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LRCCS Distinguished Visitor Lecture Series | China’s Economic Reform in the Wake of the 19th Party Congress

David Dollar, Brookings Institution, Senior Fellow, Foreign Policy, Global Economy and Development, John L. Thornton China Center
Tuesday, December 5, 2017
4:00-5:30 PM
Annenberg Auditorium ~ Room 1120 Weill Hall (Ford School) Map
China’s economic reform has been stalled for some years and in the meantime financial risks are building up. With leadership issues settled by the 19th Congress, what are the prospects for vigorous economic reform? What are the key problems that Beijing needs to tackle? And how does this affect US-China economic relations?

David Dollar is a senior fellow at the Brookings Institution’s John L. Thornton China Center. He is a leading expert on China's economy and U.S.-China economic relations. From 2009 to 2013 he was the U.S. Treasury's economic and financial emissary to China. Before his time at Treasury, Dollar worked at the World Bank for 20 years, and from 2004 to 2009 was country director for China and Mongolia. His other World Bank assignments primarily focused on Asian economies, including South Korea, Vietnam, Cambodia, Thailand, Bangladesh and India. From 1995 to 2004, Dollar worked in the World Bank’s research department. Prior to his World Bank career, Dollar was an assistant professor of economics at UCLA, spending a semester in Beijing teaching at the Graduate School of the Chinese Academy of Social Sciences.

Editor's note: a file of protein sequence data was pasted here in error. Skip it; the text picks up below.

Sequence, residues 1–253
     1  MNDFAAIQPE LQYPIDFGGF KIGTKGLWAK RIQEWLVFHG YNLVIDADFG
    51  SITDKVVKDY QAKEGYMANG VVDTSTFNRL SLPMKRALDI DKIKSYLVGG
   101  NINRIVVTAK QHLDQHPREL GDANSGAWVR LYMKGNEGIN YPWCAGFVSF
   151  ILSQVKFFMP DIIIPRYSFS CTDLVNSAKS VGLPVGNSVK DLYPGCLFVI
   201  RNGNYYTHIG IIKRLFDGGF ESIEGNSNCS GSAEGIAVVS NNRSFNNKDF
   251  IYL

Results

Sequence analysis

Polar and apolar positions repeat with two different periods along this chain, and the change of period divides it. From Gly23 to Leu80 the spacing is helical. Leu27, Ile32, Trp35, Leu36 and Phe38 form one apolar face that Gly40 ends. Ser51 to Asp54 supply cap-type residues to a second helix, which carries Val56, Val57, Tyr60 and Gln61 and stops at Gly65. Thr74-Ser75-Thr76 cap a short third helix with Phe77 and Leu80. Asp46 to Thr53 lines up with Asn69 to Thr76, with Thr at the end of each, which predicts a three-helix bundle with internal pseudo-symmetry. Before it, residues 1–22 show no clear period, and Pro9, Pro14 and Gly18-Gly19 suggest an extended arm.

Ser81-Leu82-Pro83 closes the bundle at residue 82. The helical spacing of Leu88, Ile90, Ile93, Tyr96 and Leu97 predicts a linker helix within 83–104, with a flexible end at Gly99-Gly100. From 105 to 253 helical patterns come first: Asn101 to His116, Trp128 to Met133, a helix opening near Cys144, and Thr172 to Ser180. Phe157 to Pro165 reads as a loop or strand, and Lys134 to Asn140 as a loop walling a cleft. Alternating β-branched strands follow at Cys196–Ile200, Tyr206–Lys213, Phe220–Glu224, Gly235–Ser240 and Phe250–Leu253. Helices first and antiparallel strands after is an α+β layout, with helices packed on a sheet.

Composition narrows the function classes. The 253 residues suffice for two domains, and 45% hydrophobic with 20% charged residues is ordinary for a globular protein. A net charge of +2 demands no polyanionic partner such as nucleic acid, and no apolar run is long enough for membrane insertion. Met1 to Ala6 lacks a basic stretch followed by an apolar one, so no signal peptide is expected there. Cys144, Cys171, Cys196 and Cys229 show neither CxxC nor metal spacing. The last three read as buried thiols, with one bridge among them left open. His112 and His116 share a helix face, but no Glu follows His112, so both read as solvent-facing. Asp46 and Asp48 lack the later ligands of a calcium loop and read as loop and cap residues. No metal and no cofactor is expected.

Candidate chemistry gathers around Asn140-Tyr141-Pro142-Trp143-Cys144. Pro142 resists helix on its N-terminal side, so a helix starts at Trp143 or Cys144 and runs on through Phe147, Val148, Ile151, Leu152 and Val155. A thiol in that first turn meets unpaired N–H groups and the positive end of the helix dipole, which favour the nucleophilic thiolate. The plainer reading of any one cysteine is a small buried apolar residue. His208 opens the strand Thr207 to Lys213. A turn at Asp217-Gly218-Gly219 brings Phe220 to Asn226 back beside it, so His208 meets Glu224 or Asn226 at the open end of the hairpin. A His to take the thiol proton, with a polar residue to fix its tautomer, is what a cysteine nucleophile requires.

Co-sponsored by the International Policy Center of the U-M Gerald R. Ford School of Public Policy.
Building: Weill Hall (Ford School)
Event Type: Lecture / Discussion
Tags: Asia, Chinese Studies, Economics, Public Policy
Source: Happening @ Michigan from Lieberthal-Rogel Center for Chinese Studies, International Institute, Gerald R. Ford School of Public Policy, Asian Languages and Cultures, International Policy Center